When war did come, it turned out to be surprisingly glamorous and thrilling, especially for young boys. On Sunday, December 7, 1941, my parents and I were visiting relatives in their Manhattan apartment. After dinner someone turned on the radio and heard the news about Pearl Harbor. While the adults were all solemnly buzzing about it, I sneaked over to a window facing west from the high apartment and gazed into the night, staring with a little dread and lots more excited anticipation for the first sight of approaching Japanese warplanes.
Soon we were all participating in the war effort. Except for the draftees, wounded vets, and the families whose windows became adorned with gold stars for their killed loved ones, there were no great hardships. Sure, there were shortages and we needed ration stamps to buy meat and sugar and shoes and to get enough gas for our 1936 Packard. But even kids got to participate in the unity and patriotism of the war effort, planting victory gardens, collecting scrap metal with our wagons, buying victory stamps at school each week until you filled your album with $18.75, enough to exchange for a victory bond worth $25 in ten years. Most of us boys built models of the latest warplanes and warships while imagining fighting in the real things, especially the fighter planes and bombers. Above the bed where I had said my prayers for peace, there now hung a huge map of the northern hemisphere on which I pinned each nation’s flags to mark the advance of the Allied forces.
The reality of war got as close as the Nazi U-boats that were sinking ships so near to Brooklyn that oil and wreckage from the torpedoed victory ships blotted the beaches of Coney Island. But when we had blackouts to keep Brooklyn’s lights from silhouetting the ships, even these were fun.
Yes, we did yearn for peace, but it was victory that we really craved. We were all jubilant when President Truman announced on August 6, 1945, that an American airplane had just dropped an “atomic bomb,” which harnessed “the basic power of the universe,” on “Hiroshima, an important Japanese Army base.” Eight days later we heard the news that Japan had surrendered.
August 14, 1945. I was now eleven, and I was crammed in the back of pickup packed with other boys and girls, all yelling our hearts out as loud as we could to be heard over the cacophony of honking horns and blaring air raid sirens. We were part of an impromptu motorcade weaving through the evening streets of our Flatbush neighborhood in Brooklyn. Everywhere we went, more and more cheering people poured onto the sidewalks, waving American flags and homemade signs, hugging, dancing. We kids in the truck were all screaming “Peace! Peace! The War is Over!” We believed this was the end of not just this war but of war itself, that we were all going to live the rest of our lives in a prosperous and victorious nation on a peaceful planet.
Like those people mobbing the sidewalks, none of us was aware that the world of unending U.S. warfare had already begun. Nor did we know that this would be the last victory celebration of our lifetime.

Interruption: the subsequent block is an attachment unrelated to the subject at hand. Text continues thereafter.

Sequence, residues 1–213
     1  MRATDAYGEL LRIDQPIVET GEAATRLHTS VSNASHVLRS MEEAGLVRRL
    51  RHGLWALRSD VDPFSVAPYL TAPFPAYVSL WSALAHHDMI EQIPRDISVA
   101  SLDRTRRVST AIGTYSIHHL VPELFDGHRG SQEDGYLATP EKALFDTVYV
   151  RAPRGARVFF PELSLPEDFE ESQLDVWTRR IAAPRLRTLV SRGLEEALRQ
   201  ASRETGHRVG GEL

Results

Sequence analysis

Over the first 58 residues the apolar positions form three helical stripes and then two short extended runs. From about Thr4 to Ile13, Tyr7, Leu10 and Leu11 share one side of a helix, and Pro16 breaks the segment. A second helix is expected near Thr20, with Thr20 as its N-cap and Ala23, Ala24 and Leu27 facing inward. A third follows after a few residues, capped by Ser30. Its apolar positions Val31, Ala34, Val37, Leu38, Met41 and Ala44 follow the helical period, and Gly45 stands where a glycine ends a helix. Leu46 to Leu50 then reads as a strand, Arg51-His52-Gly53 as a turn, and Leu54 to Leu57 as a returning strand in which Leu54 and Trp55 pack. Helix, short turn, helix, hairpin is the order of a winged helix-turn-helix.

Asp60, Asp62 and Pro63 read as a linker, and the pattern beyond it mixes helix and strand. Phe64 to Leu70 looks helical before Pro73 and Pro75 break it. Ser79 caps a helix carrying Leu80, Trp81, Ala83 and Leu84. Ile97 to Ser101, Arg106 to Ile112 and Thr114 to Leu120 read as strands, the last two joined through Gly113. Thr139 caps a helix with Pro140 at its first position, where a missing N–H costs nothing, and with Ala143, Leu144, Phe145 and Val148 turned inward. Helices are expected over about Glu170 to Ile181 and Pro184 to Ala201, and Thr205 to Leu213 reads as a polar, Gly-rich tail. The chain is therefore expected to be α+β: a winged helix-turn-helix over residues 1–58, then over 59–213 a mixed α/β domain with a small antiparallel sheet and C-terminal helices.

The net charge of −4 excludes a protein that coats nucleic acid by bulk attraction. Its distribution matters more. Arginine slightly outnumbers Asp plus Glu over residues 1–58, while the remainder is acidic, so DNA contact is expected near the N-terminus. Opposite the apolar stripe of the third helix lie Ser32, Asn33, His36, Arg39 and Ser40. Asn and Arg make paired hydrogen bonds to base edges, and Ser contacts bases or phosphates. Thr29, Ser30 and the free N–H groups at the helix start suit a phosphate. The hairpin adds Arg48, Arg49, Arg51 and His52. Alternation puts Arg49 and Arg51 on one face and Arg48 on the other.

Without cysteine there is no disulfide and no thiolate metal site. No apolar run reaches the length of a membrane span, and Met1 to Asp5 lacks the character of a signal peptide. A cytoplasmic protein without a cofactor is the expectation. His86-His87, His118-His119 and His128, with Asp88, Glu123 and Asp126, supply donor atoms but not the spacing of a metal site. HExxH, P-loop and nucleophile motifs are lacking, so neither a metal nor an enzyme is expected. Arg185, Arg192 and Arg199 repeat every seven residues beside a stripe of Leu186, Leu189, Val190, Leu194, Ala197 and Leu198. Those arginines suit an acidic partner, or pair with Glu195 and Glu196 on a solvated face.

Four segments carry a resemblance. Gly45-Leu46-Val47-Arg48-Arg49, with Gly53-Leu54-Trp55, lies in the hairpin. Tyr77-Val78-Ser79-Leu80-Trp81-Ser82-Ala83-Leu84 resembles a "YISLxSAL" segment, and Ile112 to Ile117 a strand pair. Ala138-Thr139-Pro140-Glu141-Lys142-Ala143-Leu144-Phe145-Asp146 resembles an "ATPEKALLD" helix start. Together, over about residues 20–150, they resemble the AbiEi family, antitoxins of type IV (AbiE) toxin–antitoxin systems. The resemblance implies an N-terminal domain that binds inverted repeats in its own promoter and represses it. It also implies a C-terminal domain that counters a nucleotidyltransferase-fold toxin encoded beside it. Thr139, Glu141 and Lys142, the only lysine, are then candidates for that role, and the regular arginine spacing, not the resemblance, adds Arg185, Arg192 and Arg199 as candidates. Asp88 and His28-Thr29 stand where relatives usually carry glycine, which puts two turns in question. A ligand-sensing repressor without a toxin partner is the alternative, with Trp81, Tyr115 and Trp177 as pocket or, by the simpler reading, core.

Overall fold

The day after our celebration of V-J Day, eight thousand miles away another people celebrated the surrender of Japan quite differently. That day was the beginning of the August Revolution, when the Vietnamese people rose up and in less than three weeks swept away Japanese and French control and established the Democratic Republic of Vietnam.
Many of us in the April Third Movement knew about that in 1969. But back then there was a lot about the beginning of America’s war in Vietnam that we didn’t know. Much of that history has come to light only after 1991, the year when the Cold War somehow mysteriously morphed into the Iraq War and its sequels. And our greatest ignorance was about the history of our own movement. In fact, the American people’s struggle against our nation’s war against Vietnam began just a few months after our celebration of victory and peace in August 1945.
On September 2nd, Ho Chi Minh read the Declaration of Independence to half a million Vietnamese people jam-packed before him in Hanoi, the old capital of a new nation that had been fighting for its independence for more than 2000 years. “`All men are created equal,’” he read. “`They are endowed by the Creator with certain inalienable rights, among them are Life, Liberty, and the pursuit of Happiness.’ This immortal statement was made in the Declaration of Independence of the United States of America in 1776. In a broader sense, this means: All the peoples on the earth are equal from birth, all the peoples have a right to live, to be happy and free.” Suddenly two warplanes appeared overhead. The crowd gazed up. They saw two P-38 fighter bombers, weird-looking planes. When they recognized the U.S. insignia on the planes, those half million people, acting like a single being, let out an earthshaking cheer. Just as we kids in the truck believed in America’s peaceful future, the Vietnamese believed that we Americans were their friends and allies, that we would be the champions of their freedom and independence from colonialism.
At that very moment, Washington was planning with the French government to launch an invasion of Vietnam designed to overthrow the Democratic Republic of Vietnam and restore French colonial rule. This would be a joint French-American project. The United States would supply the weapons and the financing. It would also turn over to the French tens of thousands of Nazi troops, including Waffen SS units, many of whom would be forced into the French Foreign Legion to be shock troops for invasion. Twelve U.S. troopships would be diverted from bringing GI’s home from Europe to carrying the French invasion army—equipped with American weapons, tanks, warplanes, and jeeps—to Vietnam. This was arguably the beginning of America’s Vietnam War. If a huge foreign nation were to arm, finance, and transport to the United States an army of invaders from another nation, would anybody in America not regard this as an act of war?